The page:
Stitched and stretched. That’s what I’ve titled this piece because that’s what breast cancer ushered in with every decision I had to make. Cut it. Stitch it. Now, stretch it beyond anything recognizable as you.
Life flew apart like confetti without a party. Not unlike my private-moment, mixed media attempts at depicting this most bizarre journey. (And so shortly after losing Ray to cancer.) Countless bits and pieces, created with the best of intentions, were tossed in the trashcan next to me because they did not fit the picture as I had imagined.
The writer-me has freely spoken about her journey with breast cancer. The artist-me had not taken her shot at it. Quite frankly, she couldn’t get the writer to shut up long enough for the artist to quietly seat herself in the studio and ask, “How do you heal through this with art – not words?”
Each piece of paper, every bit of texture and slap of paint speaks to what this journey feels like through my artist-heart. And – more so – the desperately quiet pieces that landed in the trash with only my tears to witness. Read more
A wise woman once told me that the higher purpose of grief is to recognize our longing for profound love.
Picture this. You’re watching your favorite television show – maybe one of the final episodes for the season – and you lose the signal. What do you do?
a.) Curse the station.
b.) Hit mute and stare in disbelief at the static, hoping the signal will reset on its own.
c.) Dive across the room, grab the tin-foiled rabbit ears, and strike a statue of liberty pose.
d.) Get up and do something else.
e.) All of the above, not necessarily in that order and possibly on rotation.
When someone you love dies, you lose their signal and, after the shock, sadness sets in. Somewhere beyond the cursing, muting and staring you start feeling the gravitational pull of grief. This is when societal intimation encourages you to “get up and do something else.” After all, if you get sucked in too deeply, you might crash. Better to stay busy while the gravity field weakens.
Except this gravity doesn’t weaken without the grace of a higher purpose.
Everyone is a channel for God – if you’re willing to listen to everyone. But you’re not. And you can’t. God knows that, so your significant channel signals are pre-set for what you need. Read more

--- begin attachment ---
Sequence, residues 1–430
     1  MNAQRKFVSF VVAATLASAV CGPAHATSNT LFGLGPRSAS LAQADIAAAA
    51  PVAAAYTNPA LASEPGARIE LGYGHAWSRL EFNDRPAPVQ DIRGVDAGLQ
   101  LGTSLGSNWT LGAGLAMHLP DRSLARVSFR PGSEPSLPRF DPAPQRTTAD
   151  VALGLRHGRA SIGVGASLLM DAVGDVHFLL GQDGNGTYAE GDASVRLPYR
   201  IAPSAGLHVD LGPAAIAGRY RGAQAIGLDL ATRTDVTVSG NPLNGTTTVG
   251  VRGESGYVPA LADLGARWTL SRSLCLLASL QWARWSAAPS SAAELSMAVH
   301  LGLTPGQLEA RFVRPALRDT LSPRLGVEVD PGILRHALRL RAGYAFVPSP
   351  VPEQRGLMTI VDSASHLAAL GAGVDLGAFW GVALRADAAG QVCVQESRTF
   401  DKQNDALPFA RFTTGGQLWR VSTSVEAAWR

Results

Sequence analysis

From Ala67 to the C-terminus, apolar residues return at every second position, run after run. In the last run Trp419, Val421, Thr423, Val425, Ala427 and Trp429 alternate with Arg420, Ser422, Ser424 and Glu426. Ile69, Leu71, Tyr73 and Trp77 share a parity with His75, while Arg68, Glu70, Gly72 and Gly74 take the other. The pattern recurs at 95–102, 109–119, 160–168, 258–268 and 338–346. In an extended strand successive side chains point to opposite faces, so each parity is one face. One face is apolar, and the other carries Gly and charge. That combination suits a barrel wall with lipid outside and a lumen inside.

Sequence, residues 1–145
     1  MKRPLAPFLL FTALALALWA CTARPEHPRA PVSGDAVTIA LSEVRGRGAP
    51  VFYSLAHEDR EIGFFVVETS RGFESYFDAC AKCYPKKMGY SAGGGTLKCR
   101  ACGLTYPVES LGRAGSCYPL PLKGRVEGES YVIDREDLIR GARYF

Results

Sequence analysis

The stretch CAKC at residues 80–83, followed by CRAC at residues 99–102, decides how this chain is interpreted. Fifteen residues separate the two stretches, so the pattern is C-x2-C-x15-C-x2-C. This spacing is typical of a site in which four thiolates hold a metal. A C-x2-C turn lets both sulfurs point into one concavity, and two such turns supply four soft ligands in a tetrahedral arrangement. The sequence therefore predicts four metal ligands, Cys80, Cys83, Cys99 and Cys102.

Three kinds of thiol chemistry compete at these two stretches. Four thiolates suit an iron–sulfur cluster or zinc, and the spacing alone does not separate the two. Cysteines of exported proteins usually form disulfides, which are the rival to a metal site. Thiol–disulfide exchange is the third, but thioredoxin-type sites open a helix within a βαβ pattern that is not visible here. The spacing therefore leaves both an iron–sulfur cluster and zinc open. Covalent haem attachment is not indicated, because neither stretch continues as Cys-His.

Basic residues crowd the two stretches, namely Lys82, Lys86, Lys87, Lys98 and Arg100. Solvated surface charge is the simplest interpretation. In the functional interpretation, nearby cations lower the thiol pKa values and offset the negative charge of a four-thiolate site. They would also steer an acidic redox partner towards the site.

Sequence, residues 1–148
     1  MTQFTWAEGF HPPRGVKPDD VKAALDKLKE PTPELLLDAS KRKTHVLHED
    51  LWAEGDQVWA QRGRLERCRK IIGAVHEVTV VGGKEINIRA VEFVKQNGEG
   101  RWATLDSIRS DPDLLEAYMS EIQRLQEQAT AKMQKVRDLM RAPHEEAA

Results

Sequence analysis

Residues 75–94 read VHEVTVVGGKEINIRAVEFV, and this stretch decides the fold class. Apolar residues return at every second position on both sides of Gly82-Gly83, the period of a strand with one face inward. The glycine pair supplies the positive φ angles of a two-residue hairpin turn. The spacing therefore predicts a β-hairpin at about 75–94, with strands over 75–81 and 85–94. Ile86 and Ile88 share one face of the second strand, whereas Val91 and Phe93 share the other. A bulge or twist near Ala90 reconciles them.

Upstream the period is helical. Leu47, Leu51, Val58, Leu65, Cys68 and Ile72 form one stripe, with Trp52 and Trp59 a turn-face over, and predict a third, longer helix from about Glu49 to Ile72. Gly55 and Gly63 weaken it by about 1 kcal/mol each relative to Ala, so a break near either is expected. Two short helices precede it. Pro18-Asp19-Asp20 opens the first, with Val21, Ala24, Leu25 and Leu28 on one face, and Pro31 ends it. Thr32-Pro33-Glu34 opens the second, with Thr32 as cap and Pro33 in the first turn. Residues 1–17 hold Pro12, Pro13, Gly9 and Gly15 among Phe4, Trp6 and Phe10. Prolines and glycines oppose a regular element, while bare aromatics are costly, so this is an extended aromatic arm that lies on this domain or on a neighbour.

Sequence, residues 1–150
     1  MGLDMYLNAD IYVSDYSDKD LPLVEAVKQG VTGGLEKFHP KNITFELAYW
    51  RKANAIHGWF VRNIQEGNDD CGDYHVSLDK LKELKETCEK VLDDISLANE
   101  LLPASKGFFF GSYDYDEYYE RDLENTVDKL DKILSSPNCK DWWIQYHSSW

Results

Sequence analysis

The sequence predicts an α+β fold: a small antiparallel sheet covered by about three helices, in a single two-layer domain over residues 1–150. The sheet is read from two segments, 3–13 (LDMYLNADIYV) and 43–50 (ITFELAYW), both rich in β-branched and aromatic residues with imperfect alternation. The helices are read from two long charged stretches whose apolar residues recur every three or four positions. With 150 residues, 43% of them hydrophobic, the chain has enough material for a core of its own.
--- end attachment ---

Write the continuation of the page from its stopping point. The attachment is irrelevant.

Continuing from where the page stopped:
I’ve been lost in a circle of shame. Lost with untold stories. And my partner in crime is not here to release me. He died of cancer.
I tell others that there is no shame in a mess. That it is all usable by the Divine. To turn that mess over to God and watch the miracles multiply.
It seems I hold myself to another, less forgiving, measure.
I found the quote above in a Somerset Life magazine that was tucked into a care package of goodies intended to help me heal from flu/bronchitis complications after my breast surgery. Dropped off by an earth angel who had no way of knowing the key to freedom her gesture – and this quote – offered.
I was in agony. Not from the flu or bronchitis or even the breast cancer. They paled in comparison to the hurdle mounting within me. Read more
He didn’t have to die. Not the way he did. I write these words not for drama sake nor your pity and prayers. I have been silent, up to this point, in order to deal with my own health issue. But now that I am finished with what I hope to be my final big deal in this breast cancer journey, it’s time to speak up.
Denial never sustainably served anyone so I am not sweeping this under the rug.
Consider this post a tiny ripple in a vast ocean of health care despair; urging attention, focus and advocacy for solutions in a health care system that breaks as many hearts – in what they miss and dismiss – as the diseases/conditions they work to cure.
“… Ray lived only 50 days beyond diagnosis and most of that in a hospital. And now, I am left to digest that it was a slow-growing cancer, missed by a medical system of specialists and primary care that only looked at their piece of the elephant. A blog for another day.”
I wrote that in July’s, Why I’m Not Fighting Cancer Again blog, and today is another day.
Why today? Because on February 6, 2017, I was not sitting at a keyboard in front of a computer screen. I was sitting in the emergency room of a hospital an hour away from home, terrified that someone I loved lost his footing and fell between the cracks within the medical community that was supposed to help him – to the point that suicide now appeared his only option for relief. Read more
The musings expressed here are strictly those of a woman making her way through breast cancer and are based solely on her personal beliefs and experience. They are not intended to sway or convince anyone of anything other than to honor-with-action what is right for them.
I’m following through on a decision for surgery this week with full knowledge that I will, no doubt, disappoint some folks before all this is over.
I gain no pleasure from being in this position to disappoint. As a matter of fact, I have spent the greater portion of my life working to resolve differences so as not to disappoint. There is an irony that I find myself exercising my option to displease with a life and death decision.
Who will be disappointed if I live – my way? Who, if I die – my way? I suppose that depends on how tightly the need to be right is clung to – your way.
If you are someone who loves me, I know you’ll get around to understanding what doing this “my way” allows me to reach for – no matter how this goes. The angels gave me matches to play with in this life, death, cancer thing and I am learning so much while blazing this trail. And not just for me. (“Whoa. We gave that child matches and a blog?” I hear them chuckling.)
If you are a distant-someone in my cancer circle and find yourself disappointed, perhaps you missed it back there somewhere. The invitation. What your path crossing mine was to give you. You may want to retrace your steps. Read more